Sometimes I’m with family or friends and we start talking about something. I find some detail or some idea interesting and want to know more about it. When I know the direction that interests me, I start researching and that generates more ideas. Often I get my best ideas when I’m taking a break. I especially like cycling. When I get stuck and don’t know how to keep on with what I’m writing, it helps to take a quick walk down the road. As one of my writing teachers told me, “I walk to a certain tree and usually by the time I get there I have the idea I need.”

Most important of all: I ask the Lord to give me ideas. He does.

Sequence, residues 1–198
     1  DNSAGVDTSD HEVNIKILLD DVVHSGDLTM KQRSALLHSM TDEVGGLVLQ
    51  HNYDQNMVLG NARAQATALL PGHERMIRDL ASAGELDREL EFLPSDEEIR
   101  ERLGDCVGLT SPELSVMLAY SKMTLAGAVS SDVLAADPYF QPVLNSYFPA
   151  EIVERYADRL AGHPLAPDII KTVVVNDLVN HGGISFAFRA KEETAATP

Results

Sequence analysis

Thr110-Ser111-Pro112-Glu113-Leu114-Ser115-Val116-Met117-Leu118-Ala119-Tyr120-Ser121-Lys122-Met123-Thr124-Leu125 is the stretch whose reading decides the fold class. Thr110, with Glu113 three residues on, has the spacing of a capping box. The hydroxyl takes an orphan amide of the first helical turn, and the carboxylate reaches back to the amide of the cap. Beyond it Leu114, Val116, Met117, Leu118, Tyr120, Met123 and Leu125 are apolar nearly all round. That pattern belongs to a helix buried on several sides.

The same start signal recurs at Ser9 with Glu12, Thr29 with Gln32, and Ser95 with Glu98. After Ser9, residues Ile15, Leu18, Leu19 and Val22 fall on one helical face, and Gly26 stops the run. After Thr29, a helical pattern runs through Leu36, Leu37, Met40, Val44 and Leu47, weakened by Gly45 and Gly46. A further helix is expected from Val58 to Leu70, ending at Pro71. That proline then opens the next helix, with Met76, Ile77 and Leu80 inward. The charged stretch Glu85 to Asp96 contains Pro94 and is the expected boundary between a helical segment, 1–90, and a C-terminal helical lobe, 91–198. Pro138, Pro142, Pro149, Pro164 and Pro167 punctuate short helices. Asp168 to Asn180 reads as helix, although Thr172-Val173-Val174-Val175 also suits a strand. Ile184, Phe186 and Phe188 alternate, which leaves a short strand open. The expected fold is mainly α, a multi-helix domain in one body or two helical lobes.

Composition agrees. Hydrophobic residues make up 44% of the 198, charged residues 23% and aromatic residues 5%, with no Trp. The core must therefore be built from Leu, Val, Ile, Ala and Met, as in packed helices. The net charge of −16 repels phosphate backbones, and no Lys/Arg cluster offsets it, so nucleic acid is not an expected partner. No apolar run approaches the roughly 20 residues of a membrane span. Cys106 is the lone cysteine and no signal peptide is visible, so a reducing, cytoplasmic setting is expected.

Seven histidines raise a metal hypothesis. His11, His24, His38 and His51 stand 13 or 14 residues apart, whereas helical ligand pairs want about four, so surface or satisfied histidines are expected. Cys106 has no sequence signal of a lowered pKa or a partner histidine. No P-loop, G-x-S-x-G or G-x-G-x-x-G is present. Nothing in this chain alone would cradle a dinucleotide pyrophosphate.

• Moriah wrote:

    Dear Mrs. Johnson,

    As a young teen, I thoroughly treasured your Viking Quest series. The stories were so rich, adventurous, and intriguing. Now at twenty, I am pursuing my passion of writing by planning a book centered during the WWII era, yet finding it difficult to know enough details about the time period. Since you have experience writing historical Christian fiction, I would love the opportunity to glean some writing advice!

    My main character is a young woman in her early twenties, but I am not sure what her role should be in the war. Perhaps volunteering with the Red Cross? What is the most effective way to do research a historical fiction novel? Should I be reading books about this era or is it sufficient to look up articles online?

    Many thanks!
    Moriah Simonowich Reply

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